Anonymous · Inequality

‘The BBC pay-gap’ written by Anonymous

This week, I have been left absolutely astounded as the BBC have released their pay roll for their top earning stars and subsequently revealed their blatant gender inequality and highlighted the ever present gender pay gap.

Funded by the tax payer, I have always viewed the BBC as a company that could be trusted. We’ve been paying for news updates, radio and entertainment and our money must be being spent correctly? However, after being pressured to release the wages of their presenters and actors, it was revealed that of the top 10 highest earners, only two of them are women. When I first read this news I was amazed, surely a company as established and world renowned as the BBC couldn’t be so sexist? Yet, as you delve deeper into the numbers, the pay gap becomes even more prevalent.

The highest earner on the BBC’s pay roll is Chris Evans, making a staggering £2.5 million. Somehow, the first woman doesn’t appear until number 8 on the list, with Claudia Winkleman making only £500,000, 1/5 of Chris Evans’ salary. Granted, both presenters have very different roles within the BBC, however if you compare Alex Jones and Matt Baker, despite having identical jobs as hosts of ‘The One Show’, Baker manages to earn £50,000 more than Jones.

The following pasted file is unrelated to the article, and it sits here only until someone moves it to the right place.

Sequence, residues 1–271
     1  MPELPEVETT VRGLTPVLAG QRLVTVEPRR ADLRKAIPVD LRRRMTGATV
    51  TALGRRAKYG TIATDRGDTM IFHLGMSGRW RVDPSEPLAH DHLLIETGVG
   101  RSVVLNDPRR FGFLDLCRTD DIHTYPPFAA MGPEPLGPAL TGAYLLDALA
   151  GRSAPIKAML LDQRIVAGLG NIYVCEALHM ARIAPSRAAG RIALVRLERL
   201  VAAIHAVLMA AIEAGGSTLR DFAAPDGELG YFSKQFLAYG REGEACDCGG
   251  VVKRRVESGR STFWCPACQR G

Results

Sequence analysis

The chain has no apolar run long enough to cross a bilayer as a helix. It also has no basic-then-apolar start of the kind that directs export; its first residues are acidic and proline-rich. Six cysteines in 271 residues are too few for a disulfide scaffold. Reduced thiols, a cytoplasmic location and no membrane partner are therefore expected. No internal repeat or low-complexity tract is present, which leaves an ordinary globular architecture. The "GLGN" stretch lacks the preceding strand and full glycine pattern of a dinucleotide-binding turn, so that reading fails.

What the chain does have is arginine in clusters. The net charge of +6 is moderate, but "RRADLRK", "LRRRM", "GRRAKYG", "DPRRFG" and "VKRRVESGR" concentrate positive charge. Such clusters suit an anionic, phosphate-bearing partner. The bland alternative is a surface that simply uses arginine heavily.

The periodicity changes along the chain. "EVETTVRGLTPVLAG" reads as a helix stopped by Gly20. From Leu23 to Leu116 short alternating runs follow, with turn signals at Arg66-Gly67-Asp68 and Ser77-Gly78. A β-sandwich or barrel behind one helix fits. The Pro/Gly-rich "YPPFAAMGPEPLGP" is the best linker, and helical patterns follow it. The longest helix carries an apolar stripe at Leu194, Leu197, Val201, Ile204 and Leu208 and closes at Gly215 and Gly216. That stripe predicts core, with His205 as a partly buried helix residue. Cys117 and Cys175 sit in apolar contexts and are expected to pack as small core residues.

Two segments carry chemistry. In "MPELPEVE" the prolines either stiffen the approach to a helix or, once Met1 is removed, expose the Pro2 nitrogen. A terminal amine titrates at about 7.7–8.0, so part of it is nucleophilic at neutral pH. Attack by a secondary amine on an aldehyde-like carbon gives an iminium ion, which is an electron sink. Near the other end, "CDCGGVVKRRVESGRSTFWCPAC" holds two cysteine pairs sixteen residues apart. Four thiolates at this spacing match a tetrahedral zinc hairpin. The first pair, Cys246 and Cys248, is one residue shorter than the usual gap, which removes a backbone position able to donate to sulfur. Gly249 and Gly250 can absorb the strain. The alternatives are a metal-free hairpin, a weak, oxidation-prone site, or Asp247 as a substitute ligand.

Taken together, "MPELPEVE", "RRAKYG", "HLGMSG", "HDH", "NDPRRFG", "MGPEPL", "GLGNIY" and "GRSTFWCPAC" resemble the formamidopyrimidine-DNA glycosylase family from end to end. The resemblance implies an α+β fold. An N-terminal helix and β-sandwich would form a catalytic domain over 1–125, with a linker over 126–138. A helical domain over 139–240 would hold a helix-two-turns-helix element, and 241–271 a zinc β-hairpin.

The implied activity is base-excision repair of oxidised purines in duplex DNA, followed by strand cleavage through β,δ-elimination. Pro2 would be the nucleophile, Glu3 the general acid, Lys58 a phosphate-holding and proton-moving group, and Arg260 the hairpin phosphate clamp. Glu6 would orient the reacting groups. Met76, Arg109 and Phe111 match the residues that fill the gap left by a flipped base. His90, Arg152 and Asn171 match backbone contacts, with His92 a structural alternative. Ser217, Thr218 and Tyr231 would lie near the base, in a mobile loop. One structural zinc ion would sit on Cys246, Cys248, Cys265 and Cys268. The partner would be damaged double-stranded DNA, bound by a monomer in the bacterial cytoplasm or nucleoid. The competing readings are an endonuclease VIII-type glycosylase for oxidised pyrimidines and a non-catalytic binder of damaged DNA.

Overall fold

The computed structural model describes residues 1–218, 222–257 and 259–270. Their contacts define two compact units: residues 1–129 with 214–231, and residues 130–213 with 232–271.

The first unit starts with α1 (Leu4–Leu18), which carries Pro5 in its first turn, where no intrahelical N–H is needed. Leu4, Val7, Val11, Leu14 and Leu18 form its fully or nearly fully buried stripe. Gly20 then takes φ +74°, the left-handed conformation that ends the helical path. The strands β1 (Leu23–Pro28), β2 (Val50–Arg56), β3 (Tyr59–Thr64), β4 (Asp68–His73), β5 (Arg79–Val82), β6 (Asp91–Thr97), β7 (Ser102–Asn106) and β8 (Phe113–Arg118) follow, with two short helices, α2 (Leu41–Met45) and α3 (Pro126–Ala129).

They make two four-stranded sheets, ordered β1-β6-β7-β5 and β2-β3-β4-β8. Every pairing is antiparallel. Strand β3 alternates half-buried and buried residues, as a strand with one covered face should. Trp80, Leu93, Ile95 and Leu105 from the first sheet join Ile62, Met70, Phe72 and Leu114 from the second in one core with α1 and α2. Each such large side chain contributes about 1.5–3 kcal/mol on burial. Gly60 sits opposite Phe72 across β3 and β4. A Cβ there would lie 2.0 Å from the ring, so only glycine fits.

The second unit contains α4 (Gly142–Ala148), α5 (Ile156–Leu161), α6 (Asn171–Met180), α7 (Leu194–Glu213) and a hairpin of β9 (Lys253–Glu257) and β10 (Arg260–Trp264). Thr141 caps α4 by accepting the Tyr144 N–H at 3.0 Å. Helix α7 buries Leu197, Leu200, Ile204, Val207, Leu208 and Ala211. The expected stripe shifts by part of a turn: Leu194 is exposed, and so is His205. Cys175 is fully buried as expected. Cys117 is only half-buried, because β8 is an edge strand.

As a corporation funded by the public, the BBC should be setting an example in gender equality, rather than giving a man a higher wage simply because of gender. If we ever wish to live in a world in which every woman, in every job can be earning the exact same salary as her male counterpart, then we have to start at the top. The BBC are now in a powerful position in which they have the ability to portray a positive change. If in a years time they can reveal 2017’s pay roll, showing they have made changes to decrease the gender pay gap, then they can be used as an example to other companies, proving if they can, why can’t everyone. However, this is an idealistic and unlikely outcome. The BBC have taken a hit from the release and now they have appeased the public by releasing the data once, it’s unlikely they’ll take the risk to do it again, despite the positive steps they could take towards gender equality.